NuWave Pressure Cooker Caused Child to Suffer Severe Burns After Lid “Sure-Lock” Failed

Infant was covered with scalding hot contents from a NuWave pressure cooker, when the "Sure-Lock" failed to prevent the lid from being removed while contents were still pressurized

An Indiana mother has filed a product liability lawsuit against NuWave, LLC, indicating one of the company’s pressure cookers severely burned and injured her child, after the “Sure-Lock” safety feature failed, allowing the lid to be removed while the contents were still pressurized, which sent scalding hot contents all over her infant son.

Shylyn Manns filed the complaint (PDF) on October 3 in the U.S. District Court for the Northern District of Illinois on behalf of herself and her minor child, identified only by the initials H.J.M.

The pressure cooker explosion occurred in November 2020, when the lid of a NuWave 6Q Nutri-Pot Digital Pressure Cooker was able to be rotated and opened before all of the built up pressure inside the unit had been released.

NuWave Pressure Cooker Sure-Lock Failure

According to the lawsuit, marketing material promoted a “Sure-Lock” system on the pressure cooker, which was supposed to make sure all of the pressure in the cooker was released before the lid can come off. However, the case now joins a growing number of similar pressure cooker lawsuits being pursued against NuWave and other manufacturers of modern, electronic devices introduced in recent years, with misleading statements about lid-lock features, which were intended to make consumers believe that pressure cooking was safer than it actually is.

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Pressure Cooker Lawsuits

Faulty and defective designs may cause a pressure cooker to explode, resulting in severe burns and injuries.

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The NuWave Pressure Cooker “Sure-Lock” feature was promoted through infomercials, YouTube videos and other media outlets, assuring consumers the button on the front keeps the lid locked until the unit depressurizes on its own, indicating that consumers “don’t have to worry about the pressure cooker blowing up.” However, Manns indicates the safety feature failed on her pressure cooker.

In November 2020, Manns was using her NuWave pressure cooker to make a potato soup. After closing and locking the lid, Manns selected the “soup” setting and set the pressure cooker for 30 minutes. After the cooking cycle was complete, she manually released steam from the pressure cooker and was able to safely open the lid to check the soup. However, after finding that it was still too watery, she added potato flakes to the mixture, and relocked the lid, setting the pressure cooker for two additional 15 minute cooking cycles.

Following the third cycle, Manns indicates that she once again manually released the steam and attempted to remove the lid, but things went terribly wrong.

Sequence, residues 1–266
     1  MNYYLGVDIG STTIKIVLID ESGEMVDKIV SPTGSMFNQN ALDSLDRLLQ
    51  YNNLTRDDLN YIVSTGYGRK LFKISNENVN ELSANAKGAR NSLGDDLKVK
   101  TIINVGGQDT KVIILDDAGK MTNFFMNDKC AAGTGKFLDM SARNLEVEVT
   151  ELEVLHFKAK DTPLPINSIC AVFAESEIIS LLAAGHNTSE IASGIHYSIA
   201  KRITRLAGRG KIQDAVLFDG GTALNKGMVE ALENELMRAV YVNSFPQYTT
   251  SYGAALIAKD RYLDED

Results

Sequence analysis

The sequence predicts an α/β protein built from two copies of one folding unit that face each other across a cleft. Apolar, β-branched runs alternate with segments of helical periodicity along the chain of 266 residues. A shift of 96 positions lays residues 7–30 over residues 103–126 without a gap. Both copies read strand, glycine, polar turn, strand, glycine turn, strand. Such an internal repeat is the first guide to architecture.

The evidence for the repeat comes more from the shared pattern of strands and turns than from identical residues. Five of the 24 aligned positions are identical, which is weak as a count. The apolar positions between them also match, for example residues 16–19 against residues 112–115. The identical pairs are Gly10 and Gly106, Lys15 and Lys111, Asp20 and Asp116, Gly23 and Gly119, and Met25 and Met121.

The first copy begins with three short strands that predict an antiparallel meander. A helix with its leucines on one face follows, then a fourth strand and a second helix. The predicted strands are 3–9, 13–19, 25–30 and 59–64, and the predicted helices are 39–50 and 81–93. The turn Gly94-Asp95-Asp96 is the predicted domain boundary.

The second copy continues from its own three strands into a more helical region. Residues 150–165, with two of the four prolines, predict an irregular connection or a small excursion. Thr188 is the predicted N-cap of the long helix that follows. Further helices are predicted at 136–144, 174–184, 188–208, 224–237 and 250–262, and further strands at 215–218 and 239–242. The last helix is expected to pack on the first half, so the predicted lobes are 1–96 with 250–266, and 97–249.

“Shylyn started opening the lid but could feel it was sticking in place and would not turn,” according to the complaint. “She did not want to force it open and took her hand off the lid. As she was moving her hand, the lid blasted off the pressure cooker. Hot soup blew out of the pot, hitting the ceiling, the upper cabinets and the counter. Much of the soup landed on H.J.M., who was crawling on the floor nearby.”

As a result, the young child suffered serious and substantial burns, which Manns alleges was the direct result of a negligently designed pressure cooker, which was sold with known safety defects.

Pressure Cooker Burn Problems

Modern programmable pressure cookers have been introduced by a number of companies in recent years, and sold under a variety of different brand names, including NuWave, Instant Pot, Crock-Pot, Ninja Foodi and others. Each of them have been marketed with promotions that describe the pressure cookers as safer than traditional stove-top pressure cooking, due to lid locks and other advanced safety features. However, when these safety features fail, consumers have been left with devastating burns and injuries.

The most common pressure cooker injuries occur when the lid is accidentally removed while the contents are still under high pressure, which can result in burns ranging from first to third degree, and typically cover a large percentage of a person’s body. These types of burn injuries can leave patients prone to infections and sometimes requiring amputations. However, other injuries linked to pressure cookers have included eye injuries, broken bones and other complications that resulted from electrocutions, spills or explosions.

As more of these electric pressure cookers have been introduced in recent years, the U.S. Consumer Product Safety Commission has issued several pressure cooker recalls over problems where lids were able to be opened while contents are under pressure, allowing hot contents to be expelled and causing a scald or burn injury to individuals in the immediate area.

Most recently, a massive Crock-Pot recall was issued in November 2020, impacting nearly 1 million 6-Quart Express Crock Multi-Cookers with lid locking defects, after at least 99 burn injuries were reported.

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